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Car reviews - Holden - Trax - LTZ 1.4 turbo

Our Opinion

We like
Sweet 1.4-litre turbocharged engine, more composed than 1.8, handsome looks, interior space
Room for improvement
Super flat seats, engine still noisy when pushed

Gallery

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Holden logo14 Nov 2014

THESE days, any car company worth its salt offers a tiny crossover vehicle, often based on a light-car platform.

Holden's handsome Trax is one of these, and the Barina-based runabout has given General Motors' local division something of a little hero in the small SUV sales race.

Since Trax lobbed, Ford has introduced its Fiesta-based EcoSport, Suzuki offered the unusual looking S-Cross, and Nissan Australia finally brought the British-built Juke to Australia after holding out for about two years.

And it's about to get harder for Holden, with the Renault Captur and Honda HR-V arriving in the next six months.

However, Holden has strengthened its Trax line-up by adding a new turbocharged engine variant in range-topping LTZ guise from $29,990, plus on-road costs.

While this is not cheap for a sub-compact SUV, it still comes in under a couple of its rival's range-toppers, including the Nissan Juke Ti-S AWD ($32,490) and the Mitsubishi ASX XLS ($31,490).

But it is more expensive than any EcoSport variant, or the two-wheel drive Skoda Yeti Ambition 90TSI ($28,290) and the Peugeot 2008 Allure ($27,990).

The 1.4-litre turbocharged four-cylinder engine is the same sweet unit found under the bonnet of the Barina RS warm hatch and the Cruze Equipe, and it produces the same 103kW/200Nm output as those models.

The new variant becomes the flagship and sits above the already available base LS which starts from $23,990 and the LTZ at $28,490 that are powered by the 1.8-litre four-cylinder normally aspirated petrol engine.

Aside from the new engine choice, the only other difference to what is technically a model-year 2015 update is the inclusion of rain-sensing wipers, a driver's arm rest, new 18-inch alloy wheels and with the 1.4-litre LTZ, a sunroof.

For $29,990, you also get heated front seats, front fog-lights, jet black Sportec trim, Bluetooth, a USB jack, Siri Eyes Free, rear parking sensors, reversing camera, hill-start assist, six airbags, a five-star ANCAP crash safety rating and 18-inch alloys as standard.

But the main change is of course the new engine. Its refinement is immediately noticeable compared with the 1.8L, particularly when pushed.

The larger capacity engine, which produces the same 103kW of power but a lower 175Nm of torque, can be rowdy when pushed, and while the 1.4L is not exactly hushed in hard acceleration, it is significantly quieter.

From take-off there is no hint of turbo lag, and once up and running, the Holden's neat little engine kicks into gear thanks to a flat torque curve that hits its peak at 1850rpm and can stay there to 4900rpm.

The Trax is a little top heavy in corners but not uncomfortably so, and it handles tight bends as well as you would expect for a high-riding front-wheel drive crossover.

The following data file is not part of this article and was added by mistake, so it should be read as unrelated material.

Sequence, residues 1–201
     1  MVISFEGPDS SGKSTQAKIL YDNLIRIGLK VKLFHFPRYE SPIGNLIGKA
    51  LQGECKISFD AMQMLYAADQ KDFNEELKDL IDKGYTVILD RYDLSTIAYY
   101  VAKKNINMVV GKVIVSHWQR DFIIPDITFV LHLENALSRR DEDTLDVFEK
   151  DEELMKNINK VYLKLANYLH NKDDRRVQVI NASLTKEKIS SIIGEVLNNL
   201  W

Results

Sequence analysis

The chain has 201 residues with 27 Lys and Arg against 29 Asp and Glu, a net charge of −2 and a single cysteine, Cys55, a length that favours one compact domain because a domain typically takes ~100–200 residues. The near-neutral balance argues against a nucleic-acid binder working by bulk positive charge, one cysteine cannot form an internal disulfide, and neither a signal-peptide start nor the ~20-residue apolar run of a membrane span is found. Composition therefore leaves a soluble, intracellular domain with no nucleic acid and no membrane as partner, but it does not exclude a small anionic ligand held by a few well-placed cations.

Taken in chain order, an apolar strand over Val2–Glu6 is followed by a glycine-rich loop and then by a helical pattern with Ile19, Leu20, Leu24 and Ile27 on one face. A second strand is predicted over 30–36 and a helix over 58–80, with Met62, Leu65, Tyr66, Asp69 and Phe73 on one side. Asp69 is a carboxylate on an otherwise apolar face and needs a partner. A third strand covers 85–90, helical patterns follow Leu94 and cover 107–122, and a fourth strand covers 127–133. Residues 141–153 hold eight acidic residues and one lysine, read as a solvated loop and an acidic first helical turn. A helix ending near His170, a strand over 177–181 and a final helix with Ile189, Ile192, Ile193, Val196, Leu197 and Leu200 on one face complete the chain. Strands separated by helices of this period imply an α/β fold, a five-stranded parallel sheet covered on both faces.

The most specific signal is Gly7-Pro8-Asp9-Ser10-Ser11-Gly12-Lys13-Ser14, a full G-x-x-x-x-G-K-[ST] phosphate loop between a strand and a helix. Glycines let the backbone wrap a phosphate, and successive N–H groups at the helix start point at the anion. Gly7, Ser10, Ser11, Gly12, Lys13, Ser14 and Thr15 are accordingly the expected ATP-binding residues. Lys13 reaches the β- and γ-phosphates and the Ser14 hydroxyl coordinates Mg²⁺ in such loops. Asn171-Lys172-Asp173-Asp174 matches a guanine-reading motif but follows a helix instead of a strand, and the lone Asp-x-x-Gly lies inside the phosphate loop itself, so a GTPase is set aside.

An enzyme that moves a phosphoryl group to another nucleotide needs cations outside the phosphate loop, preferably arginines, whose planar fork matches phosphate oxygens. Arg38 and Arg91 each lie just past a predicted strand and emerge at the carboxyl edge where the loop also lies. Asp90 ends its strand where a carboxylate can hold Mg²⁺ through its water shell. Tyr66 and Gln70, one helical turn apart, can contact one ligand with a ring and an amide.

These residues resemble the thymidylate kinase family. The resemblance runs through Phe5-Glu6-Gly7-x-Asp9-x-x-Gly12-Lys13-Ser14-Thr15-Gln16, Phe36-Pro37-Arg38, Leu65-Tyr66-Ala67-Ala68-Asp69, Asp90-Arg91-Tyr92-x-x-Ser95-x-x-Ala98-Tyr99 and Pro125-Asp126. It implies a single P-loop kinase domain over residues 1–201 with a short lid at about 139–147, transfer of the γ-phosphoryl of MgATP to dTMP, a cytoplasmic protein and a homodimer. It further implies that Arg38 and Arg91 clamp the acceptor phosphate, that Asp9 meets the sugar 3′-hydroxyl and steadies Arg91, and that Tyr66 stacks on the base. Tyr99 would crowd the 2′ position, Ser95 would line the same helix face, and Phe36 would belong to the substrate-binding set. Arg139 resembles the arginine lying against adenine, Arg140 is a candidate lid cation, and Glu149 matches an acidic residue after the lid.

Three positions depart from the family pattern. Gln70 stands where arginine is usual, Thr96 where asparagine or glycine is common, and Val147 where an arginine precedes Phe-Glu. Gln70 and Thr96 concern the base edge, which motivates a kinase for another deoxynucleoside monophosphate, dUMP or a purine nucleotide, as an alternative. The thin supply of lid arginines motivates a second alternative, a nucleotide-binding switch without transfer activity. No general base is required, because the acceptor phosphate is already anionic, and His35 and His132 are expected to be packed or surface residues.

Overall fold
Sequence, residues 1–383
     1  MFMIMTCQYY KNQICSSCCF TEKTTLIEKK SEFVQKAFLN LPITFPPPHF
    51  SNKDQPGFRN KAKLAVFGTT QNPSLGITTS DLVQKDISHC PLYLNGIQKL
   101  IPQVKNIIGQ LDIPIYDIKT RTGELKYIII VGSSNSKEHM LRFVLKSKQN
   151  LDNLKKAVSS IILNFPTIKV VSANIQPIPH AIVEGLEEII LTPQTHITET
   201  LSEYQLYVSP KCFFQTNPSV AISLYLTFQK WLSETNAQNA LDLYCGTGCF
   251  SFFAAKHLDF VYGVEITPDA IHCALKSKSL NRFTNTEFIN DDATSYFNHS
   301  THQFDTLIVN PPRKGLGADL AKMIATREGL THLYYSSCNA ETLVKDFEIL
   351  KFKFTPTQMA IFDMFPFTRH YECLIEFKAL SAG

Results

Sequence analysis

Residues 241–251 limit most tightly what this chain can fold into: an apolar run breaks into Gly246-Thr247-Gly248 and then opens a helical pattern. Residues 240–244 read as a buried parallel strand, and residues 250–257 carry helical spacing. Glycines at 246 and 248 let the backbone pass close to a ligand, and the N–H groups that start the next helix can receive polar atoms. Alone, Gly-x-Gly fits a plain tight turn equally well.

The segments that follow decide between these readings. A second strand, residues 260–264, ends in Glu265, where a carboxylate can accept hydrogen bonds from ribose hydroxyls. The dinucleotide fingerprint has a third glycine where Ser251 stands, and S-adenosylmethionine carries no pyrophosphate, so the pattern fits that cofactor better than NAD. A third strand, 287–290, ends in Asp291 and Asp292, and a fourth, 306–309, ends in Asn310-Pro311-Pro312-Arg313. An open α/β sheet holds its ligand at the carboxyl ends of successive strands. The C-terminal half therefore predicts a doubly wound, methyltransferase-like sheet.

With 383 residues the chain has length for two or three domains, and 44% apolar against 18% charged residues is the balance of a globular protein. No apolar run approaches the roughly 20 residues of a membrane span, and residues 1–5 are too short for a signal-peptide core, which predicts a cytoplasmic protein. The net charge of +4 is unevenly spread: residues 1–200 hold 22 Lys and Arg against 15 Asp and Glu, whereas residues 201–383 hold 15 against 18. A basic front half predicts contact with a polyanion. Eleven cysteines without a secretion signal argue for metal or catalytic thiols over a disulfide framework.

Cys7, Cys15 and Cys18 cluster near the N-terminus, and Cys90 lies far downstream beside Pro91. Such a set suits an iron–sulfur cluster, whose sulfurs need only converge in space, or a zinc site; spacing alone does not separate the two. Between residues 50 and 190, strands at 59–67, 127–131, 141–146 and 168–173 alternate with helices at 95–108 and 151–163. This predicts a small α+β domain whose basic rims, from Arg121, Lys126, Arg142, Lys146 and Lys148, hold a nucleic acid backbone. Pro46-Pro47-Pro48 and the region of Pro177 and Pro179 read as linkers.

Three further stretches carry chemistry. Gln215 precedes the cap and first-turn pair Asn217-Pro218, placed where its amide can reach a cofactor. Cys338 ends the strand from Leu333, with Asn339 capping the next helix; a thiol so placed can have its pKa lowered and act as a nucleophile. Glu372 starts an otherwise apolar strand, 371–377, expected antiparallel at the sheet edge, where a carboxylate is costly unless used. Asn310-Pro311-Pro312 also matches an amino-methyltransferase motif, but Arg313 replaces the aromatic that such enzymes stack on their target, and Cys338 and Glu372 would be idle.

The Trax maintains its composure over most surfaces, only skipping slightly over looser unsealed roads.

Holden put the latest addition to the Trax range through the same localisation program as the 1.8L launched last year.

The six-speed automatic transmission is also used in the 1.8L and our brief drive through Victoria's Yarra Valley proved the unit to be smooth and precise with no hunting around for gears, even when pushed on an incline.

Holden's official combined fuel consumption figure for the 1.4L LTZ is 6.9 litres per 100km, and after a day of driving in varied conditions we managed a respectable 7.3L.

While driving around, we noticed that that the driver's seat was a little flat and could have done with more lumbar support, but the faux leather trim with the aqua stitching was a nice touch and added some colour to the cabin.

The rear bench is super flat and lacks support, but headroom is plentiful and a decent amount of legroom keeps rear-seat occupants happy. They can even charge their tablet or phone via an outlet at the rear of the centre console.

Boot space in the Trax is 365 litres which is comparable with some rivals like the EcoSport (346L), but it can't match others such as the S-Cross (430L) and the 2008 (410L).

We found it to be more than adequate. A full-sized spare wheel hides under the floor of the boot too.

Back up front, the Trax features a number of little storage nooks in the dash itself as well as in the usual hiding spots.

The dash is clean and we like the look of the seven-inch touch-screen housing Holden's MyLink connectivity system that is a cinch to use, as well as the reversing camera display, that is standard across the range.

The leather-clad steering wheel adds a premium touch to the cabin, but that is undone with the hard plastic inserts on the doors.

Overall, the cabin of the Trax is a nice place to spend a few hours.

We already knew Holden was on to a winner when it launched the Trax last year, and sales figures show it has won a number of fans. The addition of the 1.4-litre engine gives it that extra zing that was missing from the 1.8.

It is well packaged, offers a solid standard features list and up-to-date connectivity and in our opinion, she's a bit of a looker, but the engine is the star of the show.

While it may cost $1500 more than the 1.8, we think this is by far the pick of the bunch in the Trax line-up and one of the better drives in the burgeoning light SUV segment.

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